# The division ring of fractions of the first Weyl algebra and its subrings

The first Weyl algebra, $A_1(k)= k\langle x,y | yx-xy=1\rangle$, where $k$ is a field of characteristic zero, is known to be a simple Noetherian ring, hence it has a (left) division ring of fractions (see this question), denote it by $D_{x,y}$.

Let $f:A_1(k) \to A_1(k)$ be a $k$-algebra endomorphism (by simplicity, it is necessarily injective. In 1968, Dixmier conjectured that $f$ must be surjective). Denote $p:=f(x)$ and $q:=f(y)$. The image of $A_1(k)$ under $f$, $k\langle p,q | qp-pq=1\rangle$, is isomorphic to $A_1(k)$, so it also has its own (left) division ring of fractions, denote it by $D_{p,q}$. Clearly, $D_{p,q} \subseteq D_{x,y}$.

Please, I have two questions:

(1) Is it true that every element of $D_{x,y}$ is of the form $b^{-1}a$, where $0 \neq b,a \in A_1(k)$? I think that the answer is trivially yes.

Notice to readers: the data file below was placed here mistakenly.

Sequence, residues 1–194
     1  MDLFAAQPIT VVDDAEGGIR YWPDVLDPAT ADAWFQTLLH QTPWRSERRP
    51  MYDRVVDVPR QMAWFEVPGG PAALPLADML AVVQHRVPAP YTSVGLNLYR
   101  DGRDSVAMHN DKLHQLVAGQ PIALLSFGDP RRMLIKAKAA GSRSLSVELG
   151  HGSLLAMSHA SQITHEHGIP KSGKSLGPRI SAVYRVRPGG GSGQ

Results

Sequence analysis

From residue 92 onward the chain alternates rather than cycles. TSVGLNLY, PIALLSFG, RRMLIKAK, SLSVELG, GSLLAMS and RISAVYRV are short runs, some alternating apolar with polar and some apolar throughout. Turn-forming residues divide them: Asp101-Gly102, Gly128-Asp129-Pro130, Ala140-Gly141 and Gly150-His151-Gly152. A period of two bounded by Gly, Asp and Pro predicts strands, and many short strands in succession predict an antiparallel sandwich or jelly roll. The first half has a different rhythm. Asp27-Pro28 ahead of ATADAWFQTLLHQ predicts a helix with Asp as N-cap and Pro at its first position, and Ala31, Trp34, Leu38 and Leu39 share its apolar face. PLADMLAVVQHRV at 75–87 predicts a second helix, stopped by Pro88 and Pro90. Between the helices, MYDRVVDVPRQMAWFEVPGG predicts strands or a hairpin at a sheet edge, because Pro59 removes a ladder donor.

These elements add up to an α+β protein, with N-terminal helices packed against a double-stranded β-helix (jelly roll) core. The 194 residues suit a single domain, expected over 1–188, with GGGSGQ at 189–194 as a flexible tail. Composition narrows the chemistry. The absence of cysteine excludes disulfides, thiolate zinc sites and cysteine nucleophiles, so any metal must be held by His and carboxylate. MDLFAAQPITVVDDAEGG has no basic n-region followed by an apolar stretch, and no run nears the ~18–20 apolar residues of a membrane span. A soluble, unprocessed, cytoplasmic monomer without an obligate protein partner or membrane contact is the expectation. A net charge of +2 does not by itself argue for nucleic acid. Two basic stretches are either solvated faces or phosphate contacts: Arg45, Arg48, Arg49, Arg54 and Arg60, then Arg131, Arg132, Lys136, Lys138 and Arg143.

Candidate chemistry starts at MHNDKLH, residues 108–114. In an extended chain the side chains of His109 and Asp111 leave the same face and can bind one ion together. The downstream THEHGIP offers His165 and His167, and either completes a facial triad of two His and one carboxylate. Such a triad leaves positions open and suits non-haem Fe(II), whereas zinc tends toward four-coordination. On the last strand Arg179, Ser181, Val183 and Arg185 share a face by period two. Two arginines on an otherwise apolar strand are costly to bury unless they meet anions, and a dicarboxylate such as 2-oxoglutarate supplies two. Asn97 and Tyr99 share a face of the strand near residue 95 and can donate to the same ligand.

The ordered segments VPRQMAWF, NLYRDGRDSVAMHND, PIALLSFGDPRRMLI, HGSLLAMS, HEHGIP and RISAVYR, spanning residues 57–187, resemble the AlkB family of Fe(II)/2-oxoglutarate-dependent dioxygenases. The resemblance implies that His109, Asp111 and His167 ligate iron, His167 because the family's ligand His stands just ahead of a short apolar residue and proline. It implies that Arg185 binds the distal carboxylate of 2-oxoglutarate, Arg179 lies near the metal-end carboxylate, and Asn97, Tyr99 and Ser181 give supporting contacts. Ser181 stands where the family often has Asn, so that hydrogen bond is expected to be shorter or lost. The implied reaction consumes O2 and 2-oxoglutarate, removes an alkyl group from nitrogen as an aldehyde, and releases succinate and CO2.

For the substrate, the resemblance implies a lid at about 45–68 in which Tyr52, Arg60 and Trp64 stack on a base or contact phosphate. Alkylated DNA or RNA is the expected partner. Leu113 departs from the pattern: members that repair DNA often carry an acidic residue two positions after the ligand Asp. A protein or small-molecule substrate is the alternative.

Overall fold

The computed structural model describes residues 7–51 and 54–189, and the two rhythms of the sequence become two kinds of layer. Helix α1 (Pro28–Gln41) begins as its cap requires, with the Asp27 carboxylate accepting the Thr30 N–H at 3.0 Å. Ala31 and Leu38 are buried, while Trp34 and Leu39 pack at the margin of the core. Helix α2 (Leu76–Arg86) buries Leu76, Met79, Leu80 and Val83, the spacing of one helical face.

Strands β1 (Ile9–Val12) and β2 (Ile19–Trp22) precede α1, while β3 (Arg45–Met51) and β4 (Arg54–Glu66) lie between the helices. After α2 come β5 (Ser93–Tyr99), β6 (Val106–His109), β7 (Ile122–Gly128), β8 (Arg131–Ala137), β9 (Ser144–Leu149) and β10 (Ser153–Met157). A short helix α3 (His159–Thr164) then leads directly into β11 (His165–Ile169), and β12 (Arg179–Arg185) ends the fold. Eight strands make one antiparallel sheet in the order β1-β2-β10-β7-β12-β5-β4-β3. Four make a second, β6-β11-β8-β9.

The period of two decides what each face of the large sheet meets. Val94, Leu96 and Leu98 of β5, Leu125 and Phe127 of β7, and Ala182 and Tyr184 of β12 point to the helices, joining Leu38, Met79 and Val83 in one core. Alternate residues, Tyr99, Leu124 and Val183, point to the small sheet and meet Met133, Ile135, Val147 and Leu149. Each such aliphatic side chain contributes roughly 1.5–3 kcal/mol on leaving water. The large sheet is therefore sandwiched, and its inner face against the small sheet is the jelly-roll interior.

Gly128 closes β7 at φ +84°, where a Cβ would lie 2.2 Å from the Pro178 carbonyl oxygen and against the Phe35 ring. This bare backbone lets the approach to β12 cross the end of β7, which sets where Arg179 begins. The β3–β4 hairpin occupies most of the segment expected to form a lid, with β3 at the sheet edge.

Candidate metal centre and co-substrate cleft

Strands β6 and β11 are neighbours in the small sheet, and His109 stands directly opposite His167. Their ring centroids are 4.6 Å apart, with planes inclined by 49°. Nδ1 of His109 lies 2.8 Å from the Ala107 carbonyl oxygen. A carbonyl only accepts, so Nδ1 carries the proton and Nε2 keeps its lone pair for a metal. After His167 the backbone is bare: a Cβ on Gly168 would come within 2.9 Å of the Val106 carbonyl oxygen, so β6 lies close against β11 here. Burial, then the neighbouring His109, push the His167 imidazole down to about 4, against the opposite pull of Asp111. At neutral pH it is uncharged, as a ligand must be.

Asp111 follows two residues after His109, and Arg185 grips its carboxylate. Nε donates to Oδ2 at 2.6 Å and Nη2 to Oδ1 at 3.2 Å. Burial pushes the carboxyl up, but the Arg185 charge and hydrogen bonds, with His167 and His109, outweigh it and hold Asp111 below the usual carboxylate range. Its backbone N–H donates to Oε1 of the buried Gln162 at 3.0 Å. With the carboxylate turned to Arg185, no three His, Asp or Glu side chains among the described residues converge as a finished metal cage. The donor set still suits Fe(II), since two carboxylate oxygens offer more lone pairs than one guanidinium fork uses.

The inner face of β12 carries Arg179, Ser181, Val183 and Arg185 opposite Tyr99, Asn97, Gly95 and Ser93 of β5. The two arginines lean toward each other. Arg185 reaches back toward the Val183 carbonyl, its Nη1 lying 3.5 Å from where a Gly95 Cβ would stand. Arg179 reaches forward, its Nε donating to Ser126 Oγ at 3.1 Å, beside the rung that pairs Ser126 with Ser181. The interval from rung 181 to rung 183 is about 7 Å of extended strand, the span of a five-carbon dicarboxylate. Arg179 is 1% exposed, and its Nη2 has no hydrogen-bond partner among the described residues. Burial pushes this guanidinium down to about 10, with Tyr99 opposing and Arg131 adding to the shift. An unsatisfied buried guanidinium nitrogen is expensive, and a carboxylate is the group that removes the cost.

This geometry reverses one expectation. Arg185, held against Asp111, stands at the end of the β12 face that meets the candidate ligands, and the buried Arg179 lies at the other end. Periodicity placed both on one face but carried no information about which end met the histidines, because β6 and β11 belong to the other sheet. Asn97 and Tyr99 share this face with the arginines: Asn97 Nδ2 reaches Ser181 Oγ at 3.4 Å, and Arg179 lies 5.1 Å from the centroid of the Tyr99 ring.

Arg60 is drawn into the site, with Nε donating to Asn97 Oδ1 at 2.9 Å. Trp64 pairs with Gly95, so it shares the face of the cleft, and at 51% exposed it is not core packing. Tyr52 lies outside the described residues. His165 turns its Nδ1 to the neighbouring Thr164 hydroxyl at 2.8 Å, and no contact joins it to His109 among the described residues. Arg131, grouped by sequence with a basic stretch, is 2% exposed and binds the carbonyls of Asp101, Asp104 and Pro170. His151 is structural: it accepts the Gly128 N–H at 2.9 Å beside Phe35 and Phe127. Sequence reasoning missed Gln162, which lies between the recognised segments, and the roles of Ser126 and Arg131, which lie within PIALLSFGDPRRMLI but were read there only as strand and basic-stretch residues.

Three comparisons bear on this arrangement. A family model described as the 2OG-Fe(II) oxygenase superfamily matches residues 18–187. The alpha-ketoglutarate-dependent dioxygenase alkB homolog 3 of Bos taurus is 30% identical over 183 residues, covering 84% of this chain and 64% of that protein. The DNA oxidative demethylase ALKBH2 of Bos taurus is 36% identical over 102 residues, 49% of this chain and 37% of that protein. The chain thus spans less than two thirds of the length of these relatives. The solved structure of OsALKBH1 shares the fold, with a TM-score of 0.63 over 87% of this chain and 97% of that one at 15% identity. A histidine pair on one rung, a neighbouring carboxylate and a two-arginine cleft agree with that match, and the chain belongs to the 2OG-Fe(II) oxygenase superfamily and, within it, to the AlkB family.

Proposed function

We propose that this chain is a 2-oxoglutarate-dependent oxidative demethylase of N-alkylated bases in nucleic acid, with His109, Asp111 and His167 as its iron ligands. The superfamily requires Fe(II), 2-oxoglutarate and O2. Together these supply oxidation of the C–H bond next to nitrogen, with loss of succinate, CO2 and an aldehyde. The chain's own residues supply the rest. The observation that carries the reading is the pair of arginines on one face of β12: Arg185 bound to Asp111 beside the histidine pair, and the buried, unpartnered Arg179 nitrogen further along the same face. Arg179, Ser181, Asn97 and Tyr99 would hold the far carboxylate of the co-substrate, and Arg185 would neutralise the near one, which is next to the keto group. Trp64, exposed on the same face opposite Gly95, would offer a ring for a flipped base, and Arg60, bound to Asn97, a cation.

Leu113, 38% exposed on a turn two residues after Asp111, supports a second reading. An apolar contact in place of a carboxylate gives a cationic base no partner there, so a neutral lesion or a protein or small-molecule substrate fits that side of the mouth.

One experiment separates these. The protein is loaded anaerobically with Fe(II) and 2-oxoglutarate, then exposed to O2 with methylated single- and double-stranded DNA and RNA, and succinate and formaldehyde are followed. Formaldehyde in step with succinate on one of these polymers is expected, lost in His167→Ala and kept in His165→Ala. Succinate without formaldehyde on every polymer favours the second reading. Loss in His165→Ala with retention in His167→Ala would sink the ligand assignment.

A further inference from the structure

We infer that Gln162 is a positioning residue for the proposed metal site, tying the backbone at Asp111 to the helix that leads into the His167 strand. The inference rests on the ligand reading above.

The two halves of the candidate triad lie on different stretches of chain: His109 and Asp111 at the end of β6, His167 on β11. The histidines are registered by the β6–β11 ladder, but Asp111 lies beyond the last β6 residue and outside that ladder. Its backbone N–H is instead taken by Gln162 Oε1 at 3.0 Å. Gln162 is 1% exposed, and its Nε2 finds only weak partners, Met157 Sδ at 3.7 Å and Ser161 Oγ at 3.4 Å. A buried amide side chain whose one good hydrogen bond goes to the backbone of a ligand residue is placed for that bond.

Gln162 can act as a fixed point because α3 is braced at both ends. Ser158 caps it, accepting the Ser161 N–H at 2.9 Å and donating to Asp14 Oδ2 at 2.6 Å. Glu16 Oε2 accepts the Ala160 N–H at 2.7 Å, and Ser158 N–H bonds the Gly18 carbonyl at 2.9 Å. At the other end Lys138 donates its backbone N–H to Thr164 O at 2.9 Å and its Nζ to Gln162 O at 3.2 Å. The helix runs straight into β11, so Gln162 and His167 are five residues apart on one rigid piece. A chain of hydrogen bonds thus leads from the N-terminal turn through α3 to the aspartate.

$D_{x,y}$ is a free left $D_{p,q}$-module, and $D_{p,q}$ has the IBN property, so the rank of $D_{p,q} \subseteq D_{x,y}$ is well-defined (in analogy to the dimension of a field extension); see this question.

(2) Is the rank of $D_{p,q} \subseteq D_{x,y}$ finite or infinite?

If I am not wrong, the rank is necessarily $\leq \aleph_0$ (since probably a subset of $x^iy^j$ can serve as a basis?). In analogy: If $f:k[x,y] \to k[x,y]$ has an invertible Jacobian, then Keller's theorem (Theorem 2.1, birational case) says that if $k(p,q)=k(x,y)$ then $k[p,q]=k[x,y]$, namely such $f$ is surjective, hence an automorphism (surjective iff bijective, in a Noetherian ring). In the commutative case, $k(p,q) \subseteq k(x,y)$ is finite dimensional.

My suspecture: Similarly to Keller's theorem for polynomial rings, here we also have: If $D_{p,q}=D_{x,y}$, then $f$ is surjective (so the Dixmier Conjecture is true if the division rings are equal).

I wonder if it is less difficult to show an equality of the division rings, $D_{p,q}=D_{x,y}$, than to show an equality of the fields of fractions, $k(p,q)=k(x,y)$.

• As a rule of thumb, things tend to get harder, not easier, when commutativity is removed. – David Hill Sep 14 '17 at 20:30